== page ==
Date Published: February 15, 2017
Publisher: Oxford University Press
Author(s): Finbarr P Leacy, Sian Floyd, Tom A Yates, Ian R White.
Multiple imputation with delta adjustment provides a flexible and transparent means to impute univariate missing data under general missing-not-at-random mechanisms. This facilitates the conduct of analyses assessing sensitivity to the missing-at-random (MAR) assumption. We review the delta-adjustment procedure and demonstrate how it can be used to assess sensitivity to departures from MAR, both when estimating the prevalence of a partially observed outcome and when performing parametric causal mediation analyses with a partially observed mediator. We illustrate the approach using data from 34,446 respondents to a tuberculosis and human immunodeficiency virus (HIV) prevalence survey that was conducted as part of the Zambia–South Africa TB and AIDS Reduction Study (2006–2010). In this study, information on partially observed HIV serological values was supplemented by additional information on self-reported HIV status. We present results from 2 types of sensitivity analysis: The first assumed that the degree of departure from MAR was the same for all individuals with missing HIV serological values; the second assumed that the degree of departure from MAR varied according to an individual’s self-reported HIV status. Our analyses demonstrate that multiple imputation offers a principled approach by which to incorporate auxiliary information on self-reported HIV status into analyses based on partially observed HIV serological values.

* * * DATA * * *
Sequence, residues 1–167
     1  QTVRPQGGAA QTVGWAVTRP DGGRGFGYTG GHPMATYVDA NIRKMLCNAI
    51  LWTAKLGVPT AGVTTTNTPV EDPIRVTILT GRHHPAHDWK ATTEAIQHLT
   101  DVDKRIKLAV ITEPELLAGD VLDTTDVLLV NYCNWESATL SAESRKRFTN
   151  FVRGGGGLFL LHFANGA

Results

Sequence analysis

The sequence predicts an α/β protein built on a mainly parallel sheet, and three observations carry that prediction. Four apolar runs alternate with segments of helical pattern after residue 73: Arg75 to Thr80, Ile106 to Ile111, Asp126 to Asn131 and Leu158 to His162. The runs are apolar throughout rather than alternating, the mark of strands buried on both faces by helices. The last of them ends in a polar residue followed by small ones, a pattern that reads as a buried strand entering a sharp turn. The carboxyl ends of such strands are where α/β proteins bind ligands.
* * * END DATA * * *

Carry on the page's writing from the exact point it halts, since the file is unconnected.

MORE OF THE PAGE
In this study, we reviewed multiple imputation with the delta-adjustment procedure and demonstrated how it can be used to impute data under general MNAR mechanisms, thus facilitating analysis of sensitivity to departures from the MAR assumption. We applied the approach to data from a survey on TB/HIV prevalence, conducted as part of the ZAMSTAR Study, assessing the impact of departures from MAR on HIV prevalence and causal-effect estimates in 2 types of sensitivity analysis. The first sensitivity analysis assumed that the degree of departure from MAR was the same for all individuals with missing HIV serological values, while the second assumed that the degree of departure from MAR varied according to an individual’s self-reported HIV status. Although we assumed that the degree of departure from MAR for individuals with missing HIV test result values did not vary according to TB status or educational attainment, sensitivity analyses exploring the impact of such dependencies could be performed in an identical fashion.